Building a strong house that will stand up to anything you can throw at it is all a matter of building it right and choosing the right materials.

Watch Mike Holmes in his series, Holmes Makes It Right, on HGTV. For more information, visit makeitright.ca.

Source: National Post – Mike Holmes | April 1, 2017

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Things You Should Know About Mortgages

Things You Should Know About Mortgages

House hunting can be both exciting and stressful and it’s one of the biggest purchases most people make in their lives. When it comes to financing your home or business, Northwood Mortgage can answer all your mortgage questions, taking the edge off an exasperating experience.

What does a mortgage broker do?

A mortgage broker secures financing for you. He or she can steer you in the right direction and provide guidance on what would be most beneficial to your personal situation. A broker knows the marketplace and is constantly in touch with banks and other lenders to get you the best mortgage possible. Mortgage agents work for mortgage brokers who hold licences.

Who pays them?

The bank or lender is responsible for paying the broker’s commission. That amount depends upon how much you’ve borrowed.

Fixed mortgage

You’ll be paying the same amount in principal and interest for the term of your mortgage no matter what interest rates do. Many homebuyers prefer this type of mortgage because they know what to expect even though there’s a chance interest rates may drop. It’s a tradeoff for stability.

Variable mortgage

Keep an eye on the prime rate because with a variable mortgage you’ll be paying according to what interest rates do. There is a chance you may have to pay more if the rate increases, but on the other hand, you’ll shell out less if rates drop.

Open versus closed rates

An open rate can be variable or fixed. It’s generally more flexible and has a higher rate of interest than a closed mortgage. You can pay it off or make more payments with any penalty. A closed rate can also be variable or fixed. Most folks opt for closed rate mortgages since the rates are lower, but you can only pay on the principal as stated. Paying it out early will net you penalties.

What about the Canadian Mortgage and Housing Corporation (CMHC)?

This government corporation gives residential homebuyers default loan insurance, providing assistance to those who find it financially cumbersome when it comes to buying a house. This insurance will cost you anywhere from 1.75 to 2.95 per cent of the entire amount of your mortgage. It gives banks and lenders protection in case you can’t pay your mortgage. You must be a Canadian citizen to take advantage of what CMHC offers.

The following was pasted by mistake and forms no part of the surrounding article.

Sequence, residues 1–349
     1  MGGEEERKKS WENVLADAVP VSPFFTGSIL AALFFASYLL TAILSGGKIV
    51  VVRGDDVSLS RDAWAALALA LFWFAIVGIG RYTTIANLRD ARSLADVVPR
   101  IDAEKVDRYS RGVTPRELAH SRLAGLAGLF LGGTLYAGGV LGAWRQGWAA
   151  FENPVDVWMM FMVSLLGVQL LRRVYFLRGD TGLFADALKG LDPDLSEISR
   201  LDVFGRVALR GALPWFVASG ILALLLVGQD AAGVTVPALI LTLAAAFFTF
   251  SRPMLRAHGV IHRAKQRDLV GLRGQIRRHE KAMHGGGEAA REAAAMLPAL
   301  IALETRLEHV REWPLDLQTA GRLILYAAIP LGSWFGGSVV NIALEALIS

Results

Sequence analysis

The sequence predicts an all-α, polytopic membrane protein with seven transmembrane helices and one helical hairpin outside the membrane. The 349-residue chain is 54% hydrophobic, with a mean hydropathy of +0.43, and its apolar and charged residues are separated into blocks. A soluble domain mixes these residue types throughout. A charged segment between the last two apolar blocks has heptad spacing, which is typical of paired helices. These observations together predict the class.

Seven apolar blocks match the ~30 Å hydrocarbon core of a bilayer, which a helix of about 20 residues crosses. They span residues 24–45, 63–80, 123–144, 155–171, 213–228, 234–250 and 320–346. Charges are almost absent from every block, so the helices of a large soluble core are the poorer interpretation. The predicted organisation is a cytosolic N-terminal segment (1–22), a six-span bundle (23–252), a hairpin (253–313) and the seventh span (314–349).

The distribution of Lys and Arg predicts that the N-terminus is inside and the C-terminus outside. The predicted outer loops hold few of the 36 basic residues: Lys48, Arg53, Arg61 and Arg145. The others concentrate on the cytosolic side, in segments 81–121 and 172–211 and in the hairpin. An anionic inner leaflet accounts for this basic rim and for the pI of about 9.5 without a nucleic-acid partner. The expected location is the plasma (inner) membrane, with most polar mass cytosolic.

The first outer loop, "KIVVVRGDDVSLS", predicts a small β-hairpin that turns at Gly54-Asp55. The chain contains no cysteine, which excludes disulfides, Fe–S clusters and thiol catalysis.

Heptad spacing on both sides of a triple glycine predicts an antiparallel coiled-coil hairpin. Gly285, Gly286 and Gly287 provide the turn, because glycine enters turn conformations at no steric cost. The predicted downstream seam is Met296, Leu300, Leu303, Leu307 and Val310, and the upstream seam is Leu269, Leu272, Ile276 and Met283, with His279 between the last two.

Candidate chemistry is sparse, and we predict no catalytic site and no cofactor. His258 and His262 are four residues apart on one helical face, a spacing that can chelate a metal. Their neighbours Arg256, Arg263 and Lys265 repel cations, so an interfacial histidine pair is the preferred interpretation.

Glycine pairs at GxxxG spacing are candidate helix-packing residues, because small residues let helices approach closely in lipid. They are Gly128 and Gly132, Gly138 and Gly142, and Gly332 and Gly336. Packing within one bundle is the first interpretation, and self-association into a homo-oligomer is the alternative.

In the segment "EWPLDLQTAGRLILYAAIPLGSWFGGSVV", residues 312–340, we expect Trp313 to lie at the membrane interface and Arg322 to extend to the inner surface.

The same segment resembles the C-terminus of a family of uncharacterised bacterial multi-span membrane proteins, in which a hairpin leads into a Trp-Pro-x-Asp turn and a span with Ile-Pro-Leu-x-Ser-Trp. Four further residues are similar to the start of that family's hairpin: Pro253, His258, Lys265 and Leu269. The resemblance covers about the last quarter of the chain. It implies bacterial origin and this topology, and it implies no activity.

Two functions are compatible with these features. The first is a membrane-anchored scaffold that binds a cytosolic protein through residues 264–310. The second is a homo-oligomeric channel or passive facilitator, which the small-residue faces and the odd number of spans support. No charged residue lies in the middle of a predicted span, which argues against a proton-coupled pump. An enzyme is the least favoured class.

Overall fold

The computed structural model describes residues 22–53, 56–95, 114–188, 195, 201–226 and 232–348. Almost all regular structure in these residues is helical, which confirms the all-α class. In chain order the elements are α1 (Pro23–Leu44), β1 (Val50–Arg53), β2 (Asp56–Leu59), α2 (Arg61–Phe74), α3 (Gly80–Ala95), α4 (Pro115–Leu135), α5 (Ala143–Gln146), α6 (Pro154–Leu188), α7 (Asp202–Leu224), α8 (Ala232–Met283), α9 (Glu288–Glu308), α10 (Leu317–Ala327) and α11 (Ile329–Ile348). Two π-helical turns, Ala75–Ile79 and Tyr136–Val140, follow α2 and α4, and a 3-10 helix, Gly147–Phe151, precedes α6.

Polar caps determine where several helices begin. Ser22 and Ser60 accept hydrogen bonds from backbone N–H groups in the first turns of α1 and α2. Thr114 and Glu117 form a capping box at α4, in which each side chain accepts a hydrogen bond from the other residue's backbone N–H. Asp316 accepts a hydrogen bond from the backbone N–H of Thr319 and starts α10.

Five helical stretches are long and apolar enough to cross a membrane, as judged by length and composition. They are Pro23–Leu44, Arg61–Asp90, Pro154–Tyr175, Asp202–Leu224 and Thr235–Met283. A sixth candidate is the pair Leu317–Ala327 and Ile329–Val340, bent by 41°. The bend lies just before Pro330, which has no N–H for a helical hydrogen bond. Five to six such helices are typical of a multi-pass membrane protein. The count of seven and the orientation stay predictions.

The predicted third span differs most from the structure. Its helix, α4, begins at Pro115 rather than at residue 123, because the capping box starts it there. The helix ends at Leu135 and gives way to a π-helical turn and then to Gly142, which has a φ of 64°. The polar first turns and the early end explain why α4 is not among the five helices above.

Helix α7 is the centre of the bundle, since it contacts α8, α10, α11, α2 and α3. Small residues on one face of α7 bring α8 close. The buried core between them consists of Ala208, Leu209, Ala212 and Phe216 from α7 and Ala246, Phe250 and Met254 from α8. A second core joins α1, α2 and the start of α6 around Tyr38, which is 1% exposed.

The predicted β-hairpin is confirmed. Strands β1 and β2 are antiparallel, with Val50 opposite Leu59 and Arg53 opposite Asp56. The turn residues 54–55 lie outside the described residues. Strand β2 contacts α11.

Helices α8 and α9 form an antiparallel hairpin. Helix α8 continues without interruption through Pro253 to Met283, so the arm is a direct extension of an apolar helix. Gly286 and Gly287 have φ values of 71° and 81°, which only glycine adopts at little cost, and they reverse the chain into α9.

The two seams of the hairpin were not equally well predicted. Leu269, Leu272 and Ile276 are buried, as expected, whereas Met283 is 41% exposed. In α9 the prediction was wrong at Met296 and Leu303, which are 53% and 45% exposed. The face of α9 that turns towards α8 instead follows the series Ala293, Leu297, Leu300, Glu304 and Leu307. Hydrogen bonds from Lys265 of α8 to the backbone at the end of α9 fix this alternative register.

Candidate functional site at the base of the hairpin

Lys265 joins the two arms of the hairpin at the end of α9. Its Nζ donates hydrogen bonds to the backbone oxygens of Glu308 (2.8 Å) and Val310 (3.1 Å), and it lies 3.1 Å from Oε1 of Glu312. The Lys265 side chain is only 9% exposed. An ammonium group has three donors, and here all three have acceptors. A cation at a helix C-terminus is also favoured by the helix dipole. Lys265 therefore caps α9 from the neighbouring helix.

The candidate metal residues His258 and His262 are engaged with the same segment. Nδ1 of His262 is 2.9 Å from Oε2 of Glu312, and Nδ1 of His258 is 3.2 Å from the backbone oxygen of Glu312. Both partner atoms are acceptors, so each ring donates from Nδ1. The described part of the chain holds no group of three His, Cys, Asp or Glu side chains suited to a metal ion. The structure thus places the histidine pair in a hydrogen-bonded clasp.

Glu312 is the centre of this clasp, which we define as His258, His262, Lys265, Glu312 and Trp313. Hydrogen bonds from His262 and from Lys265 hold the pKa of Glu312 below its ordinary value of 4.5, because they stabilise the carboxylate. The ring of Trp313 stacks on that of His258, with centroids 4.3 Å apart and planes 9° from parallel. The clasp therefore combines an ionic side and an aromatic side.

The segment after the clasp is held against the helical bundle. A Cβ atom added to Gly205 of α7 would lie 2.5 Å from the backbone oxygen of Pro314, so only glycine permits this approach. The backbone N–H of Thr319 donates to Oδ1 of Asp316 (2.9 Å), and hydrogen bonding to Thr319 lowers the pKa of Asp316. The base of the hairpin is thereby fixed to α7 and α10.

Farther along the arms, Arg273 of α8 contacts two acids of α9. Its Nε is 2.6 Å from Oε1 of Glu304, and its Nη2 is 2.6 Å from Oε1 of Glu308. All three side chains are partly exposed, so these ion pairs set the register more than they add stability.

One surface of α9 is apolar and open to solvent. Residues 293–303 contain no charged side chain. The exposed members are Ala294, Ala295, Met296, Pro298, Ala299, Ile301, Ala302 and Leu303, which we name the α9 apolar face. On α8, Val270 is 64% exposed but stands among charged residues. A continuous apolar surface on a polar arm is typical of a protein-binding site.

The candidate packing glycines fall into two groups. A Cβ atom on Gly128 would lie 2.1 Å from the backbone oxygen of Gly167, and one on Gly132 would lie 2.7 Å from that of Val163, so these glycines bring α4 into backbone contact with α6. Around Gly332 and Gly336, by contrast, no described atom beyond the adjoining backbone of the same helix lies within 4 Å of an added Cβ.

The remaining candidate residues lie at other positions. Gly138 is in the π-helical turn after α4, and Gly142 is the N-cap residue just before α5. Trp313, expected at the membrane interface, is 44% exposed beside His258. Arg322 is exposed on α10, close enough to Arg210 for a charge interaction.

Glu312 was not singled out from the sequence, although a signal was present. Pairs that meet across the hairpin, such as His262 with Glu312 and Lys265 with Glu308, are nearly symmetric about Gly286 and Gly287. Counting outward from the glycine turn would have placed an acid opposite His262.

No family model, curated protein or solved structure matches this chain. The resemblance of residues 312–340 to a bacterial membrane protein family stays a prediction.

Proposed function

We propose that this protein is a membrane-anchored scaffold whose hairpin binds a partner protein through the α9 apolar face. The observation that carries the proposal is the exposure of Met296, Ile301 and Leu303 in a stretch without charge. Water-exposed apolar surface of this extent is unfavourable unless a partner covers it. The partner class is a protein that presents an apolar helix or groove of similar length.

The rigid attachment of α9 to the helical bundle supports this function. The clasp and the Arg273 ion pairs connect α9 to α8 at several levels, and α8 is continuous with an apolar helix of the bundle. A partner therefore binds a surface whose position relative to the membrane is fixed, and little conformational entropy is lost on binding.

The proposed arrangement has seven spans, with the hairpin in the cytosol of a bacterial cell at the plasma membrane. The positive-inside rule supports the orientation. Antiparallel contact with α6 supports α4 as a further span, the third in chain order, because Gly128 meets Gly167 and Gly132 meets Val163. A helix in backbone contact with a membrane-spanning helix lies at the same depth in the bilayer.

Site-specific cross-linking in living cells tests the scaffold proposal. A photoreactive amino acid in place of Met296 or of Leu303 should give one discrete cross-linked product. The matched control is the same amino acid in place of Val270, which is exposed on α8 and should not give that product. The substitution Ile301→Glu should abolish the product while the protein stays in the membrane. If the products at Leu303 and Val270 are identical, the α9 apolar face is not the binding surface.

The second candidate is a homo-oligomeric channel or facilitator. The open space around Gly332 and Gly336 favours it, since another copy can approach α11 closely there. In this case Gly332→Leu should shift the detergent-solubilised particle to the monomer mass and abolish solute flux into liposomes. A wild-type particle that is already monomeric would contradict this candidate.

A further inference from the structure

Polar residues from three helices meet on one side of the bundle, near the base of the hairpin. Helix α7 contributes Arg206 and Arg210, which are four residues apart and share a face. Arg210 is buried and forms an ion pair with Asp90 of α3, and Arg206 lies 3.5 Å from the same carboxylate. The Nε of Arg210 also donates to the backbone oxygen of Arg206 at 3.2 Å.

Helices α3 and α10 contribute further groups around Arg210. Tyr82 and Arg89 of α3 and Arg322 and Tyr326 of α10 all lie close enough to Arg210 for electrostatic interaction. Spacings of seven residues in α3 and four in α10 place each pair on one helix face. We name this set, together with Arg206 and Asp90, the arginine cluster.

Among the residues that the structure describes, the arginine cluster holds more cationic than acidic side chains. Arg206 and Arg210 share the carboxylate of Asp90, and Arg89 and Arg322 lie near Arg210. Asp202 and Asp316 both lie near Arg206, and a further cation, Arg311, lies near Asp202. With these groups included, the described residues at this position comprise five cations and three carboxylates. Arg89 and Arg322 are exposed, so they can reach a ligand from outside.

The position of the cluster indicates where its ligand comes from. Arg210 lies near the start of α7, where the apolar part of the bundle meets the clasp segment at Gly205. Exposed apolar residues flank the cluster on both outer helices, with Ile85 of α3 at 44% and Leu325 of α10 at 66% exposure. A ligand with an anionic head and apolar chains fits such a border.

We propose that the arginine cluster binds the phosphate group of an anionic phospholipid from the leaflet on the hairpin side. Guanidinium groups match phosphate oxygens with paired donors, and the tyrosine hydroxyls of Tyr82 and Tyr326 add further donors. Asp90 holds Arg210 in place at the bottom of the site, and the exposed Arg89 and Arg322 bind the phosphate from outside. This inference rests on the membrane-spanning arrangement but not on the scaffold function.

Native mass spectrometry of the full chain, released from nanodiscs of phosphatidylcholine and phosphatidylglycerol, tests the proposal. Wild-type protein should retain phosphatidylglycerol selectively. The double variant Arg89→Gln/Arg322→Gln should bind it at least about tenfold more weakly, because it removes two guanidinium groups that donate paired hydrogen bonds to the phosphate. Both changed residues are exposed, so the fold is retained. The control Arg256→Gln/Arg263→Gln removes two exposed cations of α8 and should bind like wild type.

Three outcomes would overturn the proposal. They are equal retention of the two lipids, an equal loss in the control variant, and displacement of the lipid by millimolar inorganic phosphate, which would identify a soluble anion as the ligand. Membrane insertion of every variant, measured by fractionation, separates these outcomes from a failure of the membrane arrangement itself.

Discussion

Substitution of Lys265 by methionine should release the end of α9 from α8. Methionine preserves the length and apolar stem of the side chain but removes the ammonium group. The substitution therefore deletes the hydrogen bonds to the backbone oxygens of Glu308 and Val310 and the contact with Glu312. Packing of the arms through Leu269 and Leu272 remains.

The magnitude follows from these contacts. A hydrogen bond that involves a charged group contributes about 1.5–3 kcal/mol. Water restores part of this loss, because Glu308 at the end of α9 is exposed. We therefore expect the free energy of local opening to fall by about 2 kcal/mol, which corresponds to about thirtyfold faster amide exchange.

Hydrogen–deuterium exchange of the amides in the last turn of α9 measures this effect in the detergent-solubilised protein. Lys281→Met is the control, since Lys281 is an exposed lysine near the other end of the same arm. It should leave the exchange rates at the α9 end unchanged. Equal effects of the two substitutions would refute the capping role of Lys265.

Northwood Mortgage is one of the largest mortgage brokerage firms in the Greater Toronto Area and we know the ins and outs of the lending world and will be able to answer any queries you have. Not only do we arrange mortgages for homebuyers, but we also work with investors and those in the industrial and commercial sectors to arrange loans in the millions of dollars.

With all there is to know about mortgages and all the terms that come with that information, your best course of action is to call Northwood Mortgage. One of more than 200 experts available will tell you about their exemplary services.

Source: http://www.NorthwoodMortgage.com

 

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Mike Holmes: Asbestos is like a sleeping monster best left undisturbed lest danger ensues

Many building materials, including some drywall compounds, can contain asbestos, which is why it's important for all crews working on older homes to wear protective safety gear, including respirators.

Mike Holmes: Asbestos is like a sleeping monster best left undisturbed lest danger ensues | National Post

The National Day of Mourning is on April 28 — that’s a time to remember those people who have been affected by workplace injuries or death. It serves as a reminder for all of us to make sure we have the right processes and systems in our workplace to prevent illnesses, injuries and even deaths.

Some of the biggest threats on the job site are the ones you can’t see, such as asbestos.

What makes asbestos so dangerous is its fibres.

Asbestos is a generic term that refers to a number of different mineral fibres. Because of their strength, durability and resistance to fire, these fibres were used widely in building materials and added to residential construction products.